How often will a hen lay eggs? Even in conditions that are ideal and constant, egg production will depend on various factors, including breed and, most notably, age of the hen. At prime age, in prime condition, you will get an egg almost every day. When a hen first begins laying eggs, it may take a bit for egg production to get to that point. Once there, the pace should maintain until the chicken begins to get old. If it suddenly stops or slows down drastically there may be something wrong with the hen’s diet or environment. This also may be caused by seasonal factors.

    When a hen gets ol

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  8. Questions About Harvesting Eggs

    Among the top reasons for owning backyard chickens is being able to harvest fresh, nutrient-rich eggs on an almost daily basis. There are several questions that often arise, however, pertaining to hens and their egg-laying capabilities, as well as how to provide. Here I hope to address a few, and clear up some facts.

     

    Chicken Eggs

    Eggs layed by backyard chickens will not be as white as store-bought eggs

     

    When will my hen start laying eggs? This depends on several factors, particularly the breed of chicken. Each breed is different, but breeds of larger birds te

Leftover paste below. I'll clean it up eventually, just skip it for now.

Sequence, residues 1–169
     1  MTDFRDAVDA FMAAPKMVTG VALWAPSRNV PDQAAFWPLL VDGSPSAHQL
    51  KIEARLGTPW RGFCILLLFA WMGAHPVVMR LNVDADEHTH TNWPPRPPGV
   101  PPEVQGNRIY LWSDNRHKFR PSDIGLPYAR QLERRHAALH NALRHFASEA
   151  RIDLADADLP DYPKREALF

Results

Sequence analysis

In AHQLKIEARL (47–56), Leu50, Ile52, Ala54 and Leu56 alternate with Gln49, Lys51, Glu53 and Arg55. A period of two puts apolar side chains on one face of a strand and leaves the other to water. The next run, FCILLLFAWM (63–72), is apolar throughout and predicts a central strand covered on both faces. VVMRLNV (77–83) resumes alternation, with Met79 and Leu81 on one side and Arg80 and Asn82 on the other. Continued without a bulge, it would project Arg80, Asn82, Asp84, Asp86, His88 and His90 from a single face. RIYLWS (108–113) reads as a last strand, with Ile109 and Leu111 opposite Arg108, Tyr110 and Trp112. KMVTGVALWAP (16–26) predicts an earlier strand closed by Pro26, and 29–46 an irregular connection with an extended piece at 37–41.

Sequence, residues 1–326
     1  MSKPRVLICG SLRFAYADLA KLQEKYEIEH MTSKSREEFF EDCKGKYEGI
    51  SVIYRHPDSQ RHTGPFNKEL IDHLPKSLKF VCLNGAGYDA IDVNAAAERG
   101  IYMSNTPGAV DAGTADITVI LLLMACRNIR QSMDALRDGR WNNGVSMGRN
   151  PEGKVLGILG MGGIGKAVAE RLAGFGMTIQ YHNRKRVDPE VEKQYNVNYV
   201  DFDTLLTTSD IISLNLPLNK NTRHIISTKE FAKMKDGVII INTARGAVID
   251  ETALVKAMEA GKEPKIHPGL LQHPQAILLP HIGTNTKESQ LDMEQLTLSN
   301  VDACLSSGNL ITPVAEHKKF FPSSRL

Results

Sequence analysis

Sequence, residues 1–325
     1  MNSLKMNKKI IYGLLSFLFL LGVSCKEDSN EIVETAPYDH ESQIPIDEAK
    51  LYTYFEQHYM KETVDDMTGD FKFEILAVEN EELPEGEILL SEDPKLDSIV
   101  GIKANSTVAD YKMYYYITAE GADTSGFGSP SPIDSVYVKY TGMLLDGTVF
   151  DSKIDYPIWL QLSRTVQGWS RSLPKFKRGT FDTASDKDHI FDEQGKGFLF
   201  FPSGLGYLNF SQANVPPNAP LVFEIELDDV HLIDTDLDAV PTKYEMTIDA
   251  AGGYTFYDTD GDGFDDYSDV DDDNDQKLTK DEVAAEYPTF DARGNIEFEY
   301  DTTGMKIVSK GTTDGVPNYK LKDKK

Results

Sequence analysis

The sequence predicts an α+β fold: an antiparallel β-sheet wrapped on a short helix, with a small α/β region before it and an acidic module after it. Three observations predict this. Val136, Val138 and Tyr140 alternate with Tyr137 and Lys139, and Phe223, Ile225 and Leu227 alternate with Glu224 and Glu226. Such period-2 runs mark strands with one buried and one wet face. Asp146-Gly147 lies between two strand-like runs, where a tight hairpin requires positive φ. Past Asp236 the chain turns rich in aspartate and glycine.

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  9. DIY Poultry Feed: Making it at Home

    Many people who raise poultry birds have difficulties obtaining proper feed. Stores selling proper feed are far away from some people, others just don’t want to have to pay for it. Many people don’t want to have to buy it just so they can be more self sufficient. Making or growing your own chicken feed is possible and may be an option you want to look into. It can also be much healthier or more specific to your own birds’ needs.

    One helpful component is a large pasture. If it is healthy and consistent enough, and the coop can be moved to a new area on a regular basis, birds can often forage enough to stay healthy without you providing feed. Even if not, it will likely be a useful supplement to the feed you provide. This is a very natural and healthy diet for poultry birds.

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  10. How Do I Know If My Neighborhood Allows Me to Have Chickens?

    For many people, particularly those living in suburban neighborhoods, there is the question of whether or not their neighborhood will allow them to own chickens or other poultry birds. This can not be answered with a general answer, because the rules are different in each area— you will have to find the particular rules for your area on your own. Here is what you need to do. First, use an online search engine to look up ordinance codes for your area. They may or may not be online, and even if they are online, they may be difficult to find and/or understand.

    If you don’t find anything, or if you just want to be sure you are right, contact the Health and Zoning Boards in your area. Each of these groups may have rules regulating or outlawing ownership of poultry birds. Also contact a representative from your HOA, if you have one. They often have rules about owning chickens.

    Try ta